Sees 'Nothing' That Indicates Slowing Downturn

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NEW YORK ( -- Martin Sorrell peered out at a sparsely attended conference room at the UBS Warburg conference in New York on Monday and flatly stated: "I don't see the rays of sunshine."

The CEO of WPP Group was referring to the slightly upbeat forecasts given earlier in the week by Robert J. Coen,

senior vice president and director of forecasting at Interpublic Group of Cos.' Universal McCann, New York, and John Perriss, CEO of Zenith Media Worldwide, London, who both predicted that 2002 would improve slightly over 2001.

'Seen nothing'
"We have seen nothing yet to show a reduction in the rate of downturn," said Mr. Sorrell, whose holding company was hit hard by the market during its long battle with Havas Advertising to acquire Tempus Group.

The deal was settled finally in WPP's favor last month, although the company will be paying more than twice Tempus' market value. According to one analyst, Tempus will cost WPP almost 5% of its market cap, which currently stands at $10 billion.

WPP's share price dropped to a 52-week low of $6.07 while the shop balked on the Tempus deal, claiming that "material adverse changes" made it impossible for it to follow through on its offer of approximately $630 million. When a U.K. takeover panel refused to allow WPP to pull out and the company acquiesced, shares went up. At yesterday's market close in London, the price was $9.60.

In his presentation at the conference, Mr. Sorrell said that the union of Tempus' CIA media network with WPP's Media Edge is a strong long-term investment that will improve WPP's media presence in Europe.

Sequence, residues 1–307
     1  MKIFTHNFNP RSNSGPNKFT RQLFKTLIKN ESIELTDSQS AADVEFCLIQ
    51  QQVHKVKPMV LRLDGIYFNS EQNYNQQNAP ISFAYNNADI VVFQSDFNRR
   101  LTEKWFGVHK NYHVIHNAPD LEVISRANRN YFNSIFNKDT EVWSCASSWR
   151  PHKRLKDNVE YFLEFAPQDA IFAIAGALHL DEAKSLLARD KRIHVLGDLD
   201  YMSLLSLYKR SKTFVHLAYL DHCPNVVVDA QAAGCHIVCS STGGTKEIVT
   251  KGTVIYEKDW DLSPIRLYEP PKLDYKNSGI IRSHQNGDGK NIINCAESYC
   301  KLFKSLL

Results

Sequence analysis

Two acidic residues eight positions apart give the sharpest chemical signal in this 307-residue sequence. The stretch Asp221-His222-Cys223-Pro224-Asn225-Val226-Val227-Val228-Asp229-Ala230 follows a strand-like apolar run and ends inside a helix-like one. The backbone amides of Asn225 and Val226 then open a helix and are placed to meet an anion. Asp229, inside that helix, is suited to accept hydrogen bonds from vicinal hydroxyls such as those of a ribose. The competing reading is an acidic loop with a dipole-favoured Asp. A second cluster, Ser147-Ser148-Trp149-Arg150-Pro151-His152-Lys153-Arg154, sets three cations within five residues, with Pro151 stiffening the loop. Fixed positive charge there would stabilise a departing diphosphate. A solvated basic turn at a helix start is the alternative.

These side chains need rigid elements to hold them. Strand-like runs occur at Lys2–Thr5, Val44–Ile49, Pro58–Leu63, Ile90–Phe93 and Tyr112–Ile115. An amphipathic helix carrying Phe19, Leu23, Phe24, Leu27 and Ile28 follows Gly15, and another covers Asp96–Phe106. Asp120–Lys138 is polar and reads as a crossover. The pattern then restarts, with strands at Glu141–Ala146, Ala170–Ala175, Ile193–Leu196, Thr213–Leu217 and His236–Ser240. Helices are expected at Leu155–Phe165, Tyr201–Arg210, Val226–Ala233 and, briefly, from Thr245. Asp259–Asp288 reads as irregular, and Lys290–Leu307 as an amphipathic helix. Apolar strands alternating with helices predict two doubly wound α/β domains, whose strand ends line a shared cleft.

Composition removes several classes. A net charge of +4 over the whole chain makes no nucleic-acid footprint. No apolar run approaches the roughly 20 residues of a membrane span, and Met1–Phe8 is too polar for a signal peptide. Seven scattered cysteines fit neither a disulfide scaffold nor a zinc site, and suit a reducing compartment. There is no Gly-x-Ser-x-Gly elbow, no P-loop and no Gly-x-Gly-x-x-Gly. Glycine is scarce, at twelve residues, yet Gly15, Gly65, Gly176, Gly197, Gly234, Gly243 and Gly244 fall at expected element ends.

Predicts WPP growth
Despite the gloomy outlook, Mr. Sorrell predicted that overall growth for WPP will be 15% in 2002, 15.5% in 2003 and 20% "in the longer term." This growth will be achieved, Mr. Sorrell said, by focusing less on advertising and more on faster-growing opportunities in research, consulting and media.

While admitting that custom research suffers lower margins, "semi-syndicated" research enjoys higher margins. "We are still in the advertising business," said Mr. Sorrell, but he predicted that there will be more growth in research and direct marketing sectors.

This year, as in previous years, Mr. Sorrell gave the investor conference yet another definition of the nature of his business. He has chronically shied away from referring to WPP as an advertising holding company. Last year, he claimed WPP was a talent agency because it provided the services of a group of highly creative employees. (Mr. Sorrell also noted that his talent pool shrunk this year from 5,300 employees to 4,950.)

This year, he said, "we are a differentiation business." By this he meant that the advertising agencies, research companies, media agencies and consultancies WPP owns are in the business of creating unique brand identities -- differentiation -- for products and services, something that is sorely needed as companies continue to consolidate.

Dry joke about Sept. 11
Early in his presentation, Mr. Sorrell made what sounded like a very dry joke. "I will talk today about Sept. 11, which I still believe was a material adverse change," he said, alluding to his ill-fated attempt to pull out of the Tempus deal. There were a few laughs. Mr. Sorrell did not even crack a shadow of a smile and then moved on.

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